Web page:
Investment Forum with MARGARET CHIMANSE
GOVERNMENT attaches great importance to employment creation as the top-most strategy for ensuring stability of society and overall growth of the economy. Government is committed to continue focusing on industrialisation, employment and wealth creation in order to reduce poverty and inequality.
This is being achieved by investing in sectors that have been identified by government to best promote employment for the youthful population, significantly increase productivity in the economy, contribute to higher and inclusive economic growth, and develop the rural areas to narrow the urban-rural divide.
Among these important sectors on governmentâ€™s top list is the infrastructure sector. Infrastructure serves as a central delivery mechanism in achieving sustainable economic development. Its development still continues to be a factor for growth, employment creation, economic diversification and human development in Zambia.
According to the Revised Sixth National Development Plan, infrastructure development is the main anchor of the development process in key areas of focus, whereas ICT and Science and Technology will help accelerate the development process. Infrastructure development largely includes both social and economic infrastructure and is a major expenditure item in the revised plan.
To cover the infrastructure gap and improve access to quality and affordable infrastructure service, government has invited the private sector to participate in the construction, rehabilitation and maintenance as well as financing of public infrastructure and services.
This is as a result of a huge infrastructure financing gap, and government is aware that resources from the public sector and development partners are limited and can only cover part of the financing needed. For the private sector, these partnerships present opportunities that will enable them take advantage of the underdeveloped and poorly managed utilities to enable them attain profit optimising objectives and sharing of risks.
There are several opportunities that exist in the ICT, Energy Infrastructure and Real Estate sectors. For ICTs, research has shown that investment in broadband has a multiplier effect in terms of job creation such that one direct job creates between 1.4 and 3.6 indirect and induced jobs. This is because broadband brings high opportunities for self-employment and content development such as production of local films and ICT applications are enhanced.
The focus of the government therefore is to establish an environment that encourages networking of services and applications; promoting e-commerce, e-agriculture, e-health and e-education and trade promotion programmes for goods and services.
In addition, there are opportunities in the energy infrastructure in the country due to the fact that Zambia is endowed with a wide range of energy resources, particularly woodlands and forests, hydropower, coal and renewable sources of energy.
Zambia has about 6,000 MW unexploited hydro power potential, while only about 2, 434.3 MW is the current installed capacity. On the other hand, the demand for power in the various sectors of the economy continues to grow. Demand for electricity is likely to increase to creating a deficit of more than 550 MW in Zambia alone. Opportunities in the power sector include electricity generation and transmission, refineries, storage facilities and pipelines for petroleum.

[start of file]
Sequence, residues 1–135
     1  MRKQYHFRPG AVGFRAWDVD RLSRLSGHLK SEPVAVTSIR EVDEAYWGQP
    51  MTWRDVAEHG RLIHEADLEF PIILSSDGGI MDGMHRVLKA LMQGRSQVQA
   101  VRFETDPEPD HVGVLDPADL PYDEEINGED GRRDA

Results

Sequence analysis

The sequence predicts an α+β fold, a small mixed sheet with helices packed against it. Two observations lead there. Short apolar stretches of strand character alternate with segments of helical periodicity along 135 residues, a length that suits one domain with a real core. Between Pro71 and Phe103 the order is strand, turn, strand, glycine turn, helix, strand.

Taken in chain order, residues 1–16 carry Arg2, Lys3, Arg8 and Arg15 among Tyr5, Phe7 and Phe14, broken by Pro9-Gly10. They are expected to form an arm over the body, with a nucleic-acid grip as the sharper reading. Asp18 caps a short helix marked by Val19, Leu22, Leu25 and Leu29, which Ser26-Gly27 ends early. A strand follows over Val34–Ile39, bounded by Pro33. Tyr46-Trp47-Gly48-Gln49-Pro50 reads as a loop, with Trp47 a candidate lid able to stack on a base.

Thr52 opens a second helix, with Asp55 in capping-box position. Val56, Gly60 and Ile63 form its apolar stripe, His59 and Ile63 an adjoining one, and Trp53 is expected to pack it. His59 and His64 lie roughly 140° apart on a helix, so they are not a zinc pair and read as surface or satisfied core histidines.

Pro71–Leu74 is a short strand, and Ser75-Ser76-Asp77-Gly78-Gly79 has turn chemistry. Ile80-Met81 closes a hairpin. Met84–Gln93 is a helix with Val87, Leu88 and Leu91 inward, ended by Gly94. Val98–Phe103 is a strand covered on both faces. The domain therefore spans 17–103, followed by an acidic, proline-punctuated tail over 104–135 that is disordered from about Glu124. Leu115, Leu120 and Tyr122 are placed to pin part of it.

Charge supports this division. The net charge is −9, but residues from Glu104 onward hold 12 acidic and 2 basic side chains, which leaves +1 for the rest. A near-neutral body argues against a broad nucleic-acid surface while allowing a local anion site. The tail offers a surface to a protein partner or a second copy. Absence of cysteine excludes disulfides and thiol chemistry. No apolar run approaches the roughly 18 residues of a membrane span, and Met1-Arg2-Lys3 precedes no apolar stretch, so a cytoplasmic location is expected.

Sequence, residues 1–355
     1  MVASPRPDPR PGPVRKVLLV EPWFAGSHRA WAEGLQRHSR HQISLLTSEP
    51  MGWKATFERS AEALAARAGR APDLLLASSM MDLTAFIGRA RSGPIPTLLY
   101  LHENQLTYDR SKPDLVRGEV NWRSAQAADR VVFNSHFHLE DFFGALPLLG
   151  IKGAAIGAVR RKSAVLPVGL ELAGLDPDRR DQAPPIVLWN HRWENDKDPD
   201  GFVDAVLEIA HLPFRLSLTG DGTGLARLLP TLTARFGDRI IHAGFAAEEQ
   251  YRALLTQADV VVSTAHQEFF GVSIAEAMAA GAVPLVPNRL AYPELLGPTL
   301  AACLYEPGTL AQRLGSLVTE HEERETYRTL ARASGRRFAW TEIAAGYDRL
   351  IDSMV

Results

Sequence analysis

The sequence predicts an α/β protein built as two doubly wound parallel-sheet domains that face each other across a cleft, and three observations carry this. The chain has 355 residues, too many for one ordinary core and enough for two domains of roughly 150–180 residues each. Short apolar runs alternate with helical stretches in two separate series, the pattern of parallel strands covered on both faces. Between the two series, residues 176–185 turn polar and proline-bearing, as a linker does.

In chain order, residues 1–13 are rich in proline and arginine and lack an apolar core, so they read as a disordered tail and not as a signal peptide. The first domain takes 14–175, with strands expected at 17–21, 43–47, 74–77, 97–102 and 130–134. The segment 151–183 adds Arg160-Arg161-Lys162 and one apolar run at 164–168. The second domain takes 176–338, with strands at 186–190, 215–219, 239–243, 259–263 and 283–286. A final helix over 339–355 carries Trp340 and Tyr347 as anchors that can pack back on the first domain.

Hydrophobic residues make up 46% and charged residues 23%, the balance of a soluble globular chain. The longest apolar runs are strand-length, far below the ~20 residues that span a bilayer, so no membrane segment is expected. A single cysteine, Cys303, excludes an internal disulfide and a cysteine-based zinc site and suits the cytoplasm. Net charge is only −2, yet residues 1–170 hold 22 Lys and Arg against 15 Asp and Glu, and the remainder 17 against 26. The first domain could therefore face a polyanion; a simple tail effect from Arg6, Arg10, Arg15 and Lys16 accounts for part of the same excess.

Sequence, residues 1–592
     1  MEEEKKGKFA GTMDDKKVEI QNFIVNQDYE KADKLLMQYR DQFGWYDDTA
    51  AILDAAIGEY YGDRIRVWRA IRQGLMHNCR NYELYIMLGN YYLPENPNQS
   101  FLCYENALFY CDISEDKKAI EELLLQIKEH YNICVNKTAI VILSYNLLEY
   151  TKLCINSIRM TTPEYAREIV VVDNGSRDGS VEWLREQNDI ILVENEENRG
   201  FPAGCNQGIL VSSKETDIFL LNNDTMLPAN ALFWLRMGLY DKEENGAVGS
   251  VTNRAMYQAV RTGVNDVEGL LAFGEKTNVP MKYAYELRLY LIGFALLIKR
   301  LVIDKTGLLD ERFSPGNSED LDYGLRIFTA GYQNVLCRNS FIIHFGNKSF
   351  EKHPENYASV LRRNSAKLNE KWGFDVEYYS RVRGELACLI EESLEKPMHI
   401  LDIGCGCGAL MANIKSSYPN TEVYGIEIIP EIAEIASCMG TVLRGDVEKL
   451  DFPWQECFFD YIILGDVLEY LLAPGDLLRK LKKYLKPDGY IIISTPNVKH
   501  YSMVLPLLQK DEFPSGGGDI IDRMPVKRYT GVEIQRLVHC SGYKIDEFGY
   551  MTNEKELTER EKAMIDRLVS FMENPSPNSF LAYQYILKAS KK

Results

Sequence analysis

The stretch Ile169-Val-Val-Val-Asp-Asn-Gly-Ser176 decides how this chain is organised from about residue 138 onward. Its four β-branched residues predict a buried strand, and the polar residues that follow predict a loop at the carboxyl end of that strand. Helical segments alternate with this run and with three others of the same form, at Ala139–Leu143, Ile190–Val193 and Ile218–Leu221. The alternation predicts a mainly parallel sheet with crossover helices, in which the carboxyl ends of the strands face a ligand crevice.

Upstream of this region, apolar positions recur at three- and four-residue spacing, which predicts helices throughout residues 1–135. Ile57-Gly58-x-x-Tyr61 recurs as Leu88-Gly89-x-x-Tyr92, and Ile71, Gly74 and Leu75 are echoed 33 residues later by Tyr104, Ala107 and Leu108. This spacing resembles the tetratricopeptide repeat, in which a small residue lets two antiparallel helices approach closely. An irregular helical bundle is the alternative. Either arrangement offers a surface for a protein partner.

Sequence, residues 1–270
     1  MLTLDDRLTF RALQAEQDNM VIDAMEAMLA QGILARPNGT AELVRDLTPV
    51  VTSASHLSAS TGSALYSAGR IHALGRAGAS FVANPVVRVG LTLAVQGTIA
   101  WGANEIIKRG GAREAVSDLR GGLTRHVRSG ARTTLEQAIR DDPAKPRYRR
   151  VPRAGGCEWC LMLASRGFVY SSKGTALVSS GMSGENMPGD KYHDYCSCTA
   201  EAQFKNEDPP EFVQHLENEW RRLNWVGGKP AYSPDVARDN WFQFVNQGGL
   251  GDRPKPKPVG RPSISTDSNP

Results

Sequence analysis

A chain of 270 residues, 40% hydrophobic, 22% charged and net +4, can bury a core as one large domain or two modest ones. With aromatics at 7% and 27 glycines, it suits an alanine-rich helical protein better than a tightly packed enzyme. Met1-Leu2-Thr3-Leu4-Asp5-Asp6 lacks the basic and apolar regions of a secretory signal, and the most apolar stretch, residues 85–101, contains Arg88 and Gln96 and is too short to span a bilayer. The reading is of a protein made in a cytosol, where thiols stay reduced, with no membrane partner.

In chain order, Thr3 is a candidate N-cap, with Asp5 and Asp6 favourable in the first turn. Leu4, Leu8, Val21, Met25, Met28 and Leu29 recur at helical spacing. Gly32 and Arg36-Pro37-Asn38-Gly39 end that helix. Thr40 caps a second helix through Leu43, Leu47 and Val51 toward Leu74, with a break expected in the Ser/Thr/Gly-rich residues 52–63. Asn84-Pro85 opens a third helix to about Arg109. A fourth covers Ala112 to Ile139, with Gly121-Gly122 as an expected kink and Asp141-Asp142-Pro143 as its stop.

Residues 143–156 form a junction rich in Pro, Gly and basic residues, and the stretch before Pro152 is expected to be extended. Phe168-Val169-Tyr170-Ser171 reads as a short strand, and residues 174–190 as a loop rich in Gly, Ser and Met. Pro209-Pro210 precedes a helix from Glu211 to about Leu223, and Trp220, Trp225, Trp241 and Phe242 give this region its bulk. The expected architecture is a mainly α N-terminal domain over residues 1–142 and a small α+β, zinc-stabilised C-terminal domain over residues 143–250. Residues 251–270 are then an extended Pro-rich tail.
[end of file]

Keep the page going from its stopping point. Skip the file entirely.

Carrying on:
Lastly, Zambia has been facing a very critical shortage of housing since independence. There is a definite shortage of housing supply in many urban centres, but particularly in rapidly growing towns and districts. Government estimates suggest a backlog of two million units across the country, and recommends an annual delivery rate of 200,000 units to meet demand in the next 10 years.
In order to address the current housing deficit, government has created an enabling environment to provide affordable, quality and adequate housing to the majority of Zambians. To complement these opportunities, government through the Zambia Development Agency (ZDA) provides for fiscal and non-fiscal incentives for companies meeting set investment thresholds. Projects that qualify may be new or existing ones undergoing expansion or modernisation.
Investments of US$500,000 and above in a Multi Facility Economic Zone (MFEZ), an Industrial Park, a Priority Sector and investment in a Rural Enterprise under the ZDA Act, qualify for both fiscal and non-fiscal incentives. The incentives include Zero percent tax rate on dividends for 5 years from year of first declaration of dividends, Zero percent tax on profits for 5 years from the first year of operation and Zero percent import duty rate on capital goods, machinery including specialised motor vehicles for five years.
Additionally, the above category of investors are entitled to non-fiscal incentives, which include guarantees and protection against state nationalisation, free facilitation for application of immigration permits, secondary licences, land acquisition and utilities.
Investment Forum with MARGARET CHIMANSE